Merck supports Peloton Therapeutics with positive kidney cancer data
Merck is revealing the data from a phase 2 study of a HIF-2α inhibitor after a year betting USD 1.05 billion on Peloton Therapeutics, and the deal is promising.
The drug limited tumour growth in 43% and shrank tumors in 28% of patients with kidney cancer linked to a specific genetic condition, giving hope to a patient group that must undergo multiple abdominal surgeries, and to kidney cancer patients more broadly as well.
Although the 28% response rate might seem less, Merck hopes to see the drug—MK-6482—work in more patients. Some of the trial patients have been taking the drug for 18 weeks or so, but others are ahead in their treatment.
MK-6482 inhibits HIF-2α (hypoxia-inducible factor-2 alpha), a protein that plays a role in maintaining tissue oxygen levels. Merck examined it in 61 patients with clear cell kidney cancer linked to von Hippel-Lindau (VHL) disease, a genetic condition that causes tumors and cysts to grow throughout the body.
Thermo Fisher, WuXi and Mayo Clinic to develop COVID-19 antibody test
Thermo Fisher Scientific is developing its COVID-19 antibody test through an ongoing, three-way partnership with WuXi Diagnostics and the Mayo Clinic, and slates to search for international authorizations for the test over the upcoming weeks.
The ELISA test will be available to identify both IgM and IgG antibodies to the novel coronavirus and is designed to run on an open instrument platform following a clinical evaluation at the Mayo Clinic.
Since the outbreak was first identified, the scientific, regulatory and commercial teams were mobilized for virus analysis, identification, deployment of personal protective equipment as well as the development of therapies and vaccines.
Preventing the COVID-19 spread, it requires comprehensive testing solutions, and Thermo Fisher has joined hands with WuXi Diagnostics and Mayo Clinic to respond to the widespread need for antibody-based tests.
Johnson & Johnson’s anti-BCMA CAR-T sweeps multiple myeloma aside
Johnson & Johnson’s BCMA-targeting CAR-T therapy cast out tumors in 86% of patients with advanced multiple myeloma in a phase 1b study. The treatment could benefit patients who face a dismal prognosis and usually live for just a few months with the standard of care.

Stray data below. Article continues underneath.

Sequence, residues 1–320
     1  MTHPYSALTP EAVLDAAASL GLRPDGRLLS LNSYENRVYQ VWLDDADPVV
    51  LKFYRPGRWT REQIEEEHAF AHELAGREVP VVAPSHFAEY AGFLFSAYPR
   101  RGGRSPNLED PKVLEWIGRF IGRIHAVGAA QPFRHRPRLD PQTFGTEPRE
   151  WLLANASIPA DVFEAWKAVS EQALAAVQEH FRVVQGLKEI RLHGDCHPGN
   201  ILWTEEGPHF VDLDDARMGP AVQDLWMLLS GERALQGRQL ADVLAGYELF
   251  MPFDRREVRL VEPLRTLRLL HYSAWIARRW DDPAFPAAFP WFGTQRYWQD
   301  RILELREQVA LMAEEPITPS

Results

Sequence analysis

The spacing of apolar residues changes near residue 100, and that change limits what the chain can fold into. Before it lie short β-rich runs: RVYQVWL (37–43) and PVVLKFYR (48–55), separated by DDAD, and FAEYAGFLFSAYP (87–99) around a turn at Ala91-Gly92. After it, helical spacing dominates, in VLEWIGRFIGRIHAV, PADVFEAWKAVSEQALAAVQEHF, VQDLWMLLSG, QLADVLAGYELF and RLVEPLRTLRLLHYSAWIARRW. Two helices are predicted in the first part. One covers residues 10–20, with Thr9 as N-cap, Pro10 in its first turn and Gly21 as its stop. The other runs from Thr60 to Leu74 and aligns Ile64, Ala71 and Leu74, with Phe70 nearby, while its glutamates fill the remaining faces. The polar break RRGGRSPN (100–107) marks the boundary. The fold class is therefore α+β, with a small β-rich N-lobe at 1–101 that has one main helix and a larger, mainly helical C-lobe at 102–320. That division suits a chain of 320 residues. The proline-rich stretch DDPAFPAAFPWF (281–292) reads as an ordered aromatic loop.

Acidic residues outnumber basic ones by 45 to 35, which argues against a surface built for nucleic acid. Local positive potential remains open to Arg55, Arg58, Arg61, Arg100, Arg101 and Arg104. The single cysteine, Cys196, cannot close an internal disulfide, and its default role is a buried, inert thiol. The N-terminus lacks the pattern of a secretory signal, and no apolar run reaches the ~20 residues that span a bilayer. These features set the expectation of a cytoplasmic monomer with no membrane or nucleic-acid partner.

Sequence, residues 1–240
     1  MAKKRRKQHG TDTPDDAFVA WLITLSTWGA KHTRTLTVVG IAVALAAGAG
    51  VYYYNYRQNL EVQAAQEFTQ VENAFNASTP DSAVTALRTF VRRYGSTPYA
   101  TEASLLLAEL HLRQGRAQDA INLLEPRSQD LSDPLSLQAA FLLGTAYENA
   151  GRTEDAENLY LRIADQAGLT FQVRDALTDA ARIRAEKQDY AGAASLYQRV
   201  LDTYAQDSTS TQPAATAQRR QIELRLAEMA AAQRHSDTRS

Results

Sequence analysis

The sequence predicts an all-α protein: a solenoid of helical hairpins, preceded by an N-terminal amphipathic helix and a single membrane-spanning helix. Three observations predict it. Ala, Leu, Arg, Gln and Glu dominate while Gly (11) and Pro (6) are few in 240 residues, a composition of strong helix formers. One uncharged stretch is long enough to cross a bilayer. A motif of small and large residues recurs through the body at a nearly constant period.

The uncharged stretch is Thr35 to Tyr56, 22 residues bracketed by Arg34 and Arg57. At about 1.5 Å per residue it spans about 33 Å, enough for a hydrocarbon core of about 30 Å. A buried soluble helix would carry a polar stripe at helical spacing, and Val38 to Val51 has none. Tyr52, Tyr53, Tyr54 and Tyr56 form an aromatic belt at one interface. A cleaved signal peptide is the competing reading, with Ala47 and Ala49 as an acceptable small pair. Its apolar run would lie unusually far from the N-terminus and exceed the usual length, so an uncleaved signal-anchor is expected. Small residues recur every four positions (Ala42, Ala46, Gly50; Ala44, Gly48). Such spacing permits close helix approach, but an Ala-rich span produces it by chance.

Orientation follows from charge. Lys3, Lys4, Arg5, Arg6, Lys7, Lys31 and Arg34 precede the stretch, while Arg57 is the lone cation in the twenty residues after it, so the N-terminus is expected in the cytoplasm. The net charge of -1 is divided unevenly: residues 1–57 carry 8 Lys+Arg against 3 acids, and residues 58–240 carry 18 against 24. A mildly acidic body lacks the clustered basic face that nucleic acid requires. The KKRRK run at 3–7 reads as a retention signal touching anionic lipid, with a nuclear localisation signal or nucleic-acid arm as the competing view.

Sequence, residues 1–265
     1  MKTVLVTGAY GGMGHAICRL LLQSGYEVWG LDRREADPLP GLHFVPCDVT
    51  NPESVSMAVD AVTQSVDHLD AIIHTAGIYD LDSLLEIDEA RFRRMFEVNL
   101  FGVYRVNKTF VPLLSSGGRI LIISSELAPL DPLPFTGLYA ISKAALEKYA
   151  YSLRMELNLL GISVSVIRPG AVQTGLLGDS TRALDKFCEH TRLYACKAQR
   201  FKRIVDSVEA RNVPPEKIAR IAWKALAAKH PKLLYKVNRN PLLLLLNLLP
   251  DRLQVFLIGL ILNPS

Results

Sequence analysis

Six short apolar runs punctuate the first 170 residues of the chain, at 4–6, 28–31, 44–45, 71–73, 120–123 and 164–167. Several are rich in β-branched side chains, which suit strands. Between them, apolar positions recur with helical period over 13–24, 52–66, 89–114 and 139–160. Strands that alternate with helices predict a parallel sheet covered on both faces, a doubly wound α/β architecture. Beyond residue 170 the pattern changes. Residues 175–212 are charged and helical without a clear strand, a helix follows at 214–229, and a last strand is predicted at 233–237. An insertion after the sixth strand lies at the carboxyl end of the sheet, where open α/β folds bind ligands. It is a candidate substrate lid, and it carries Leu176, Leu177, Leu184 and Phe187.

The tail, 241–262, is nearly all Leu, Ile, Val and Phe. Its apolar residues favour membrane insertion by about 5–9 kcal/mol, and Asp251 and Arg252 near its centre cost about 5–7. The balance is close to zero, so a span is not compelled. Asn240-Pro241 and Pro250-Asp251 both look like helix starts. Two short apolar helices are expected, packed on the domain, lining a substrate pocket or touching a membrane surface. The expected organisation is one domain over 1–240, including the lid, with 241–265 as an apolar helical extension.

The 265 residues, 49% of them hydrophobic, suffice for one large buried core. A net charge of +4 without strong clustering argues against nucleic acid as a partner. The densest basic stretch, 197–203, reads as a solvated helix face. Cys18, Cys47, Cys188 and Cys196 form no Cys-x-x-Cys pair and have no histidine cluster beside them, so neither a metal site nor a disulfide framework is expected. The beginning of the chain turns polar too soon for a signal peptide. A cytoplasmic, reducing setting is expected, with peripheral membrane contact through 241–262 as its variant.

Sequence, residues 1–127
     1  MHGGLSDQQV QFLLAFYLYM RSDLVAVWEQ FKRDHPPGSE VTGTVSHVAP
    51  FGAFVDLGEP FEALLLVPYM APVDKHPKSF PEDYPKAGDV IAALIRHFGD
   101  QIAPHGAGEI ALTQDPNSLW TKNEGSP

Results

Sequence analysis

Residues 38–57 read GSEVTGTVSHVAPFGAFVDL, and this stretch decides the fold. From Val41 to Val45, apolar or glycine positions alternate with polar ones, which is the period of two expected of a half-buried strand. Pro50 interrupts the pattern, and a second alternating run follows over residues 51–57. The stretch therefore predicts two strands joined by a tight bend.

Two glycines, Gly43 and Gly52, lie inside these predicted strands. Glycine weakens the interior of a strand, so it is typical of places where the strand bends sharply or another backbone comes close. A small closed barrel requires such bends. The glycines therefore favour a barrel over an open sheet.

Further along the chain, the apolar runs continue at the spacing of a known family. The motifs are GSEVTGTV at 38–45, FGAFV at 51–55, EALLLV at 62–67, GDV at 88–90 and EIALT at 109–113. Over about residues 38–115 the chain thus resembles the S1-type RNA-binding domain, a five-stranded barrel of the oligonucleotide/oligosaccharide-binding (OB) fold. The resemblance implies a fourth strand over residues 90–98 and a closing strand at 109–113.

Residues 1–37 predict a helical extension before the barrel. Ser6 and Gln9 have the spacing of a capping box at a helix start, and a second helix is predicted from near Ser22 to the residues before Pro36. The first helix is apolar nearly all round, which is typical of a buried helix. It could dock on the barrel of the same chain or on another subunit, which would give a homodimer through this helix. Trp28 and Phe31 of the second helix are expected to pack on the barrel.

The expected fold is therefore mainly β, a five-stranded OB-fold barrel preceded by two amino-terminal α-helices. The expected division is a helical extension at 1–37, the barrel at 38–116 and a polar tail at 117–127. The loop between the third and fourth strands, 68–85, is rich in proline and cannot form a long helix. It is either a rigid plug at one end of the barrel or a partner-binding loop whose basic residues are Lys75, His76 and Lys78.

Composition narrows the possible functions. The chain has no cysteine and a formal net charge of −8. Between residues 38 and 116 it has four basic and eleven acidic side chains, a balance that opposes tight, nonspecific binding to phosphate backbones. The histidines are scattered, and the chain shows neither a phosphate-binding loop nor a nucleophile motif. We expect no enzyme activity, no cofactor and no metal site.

JNJ-4528 has kept cancer away for nine months in 86% of the patients, which is very different to what these patients would typically face. The treatment also shrivelled tumors in all 29 study patients.
The study evaluated JNJ-4528 in cancer patients, whom it had returned after a median of five other treatments or had not reacted to the treatment in the first place. The majority of them (86%) had tried three different types of treatment: a proteasome inhibitor, an immunomodulatory drug and an anti-CD38 antibody.
Tafinlar-Mekinist combo of Novartis receives a boost
The checkpoint inhibitors and targeted therapies have transformed melanoma treatment, but Novartis contemplates combining the two for working even better.
Moreover, it has some new data to bolster its case. The duo Tafinlar and Mekinist with experimental PD-1-blocking spartalizumab cast out tumors in 44% of patients with advanced melanoma, as shown in phase 3 data.
The study examined the trio as first-line therapy in 36 patients with stage 4 melanoma that had spread to different parts of the body. The patients had a specific BRAF mutation: BRAF V600.
Moreover, to eliminate tumors in 44% of those patients, the study saw that the treatment shrivelled tumors in 78% of patients. Tafinlar, a BRAF inhibitor, and Mekinist, a MEK inhibitor, are already approved to treat BRAF V600-mutant melanoma, but the investigators informed that the impact of BRAF+MEK inhibition on the tumour microenvironment (TME) suggests combined targeted therapy and immunotherapy may enhance outcomes.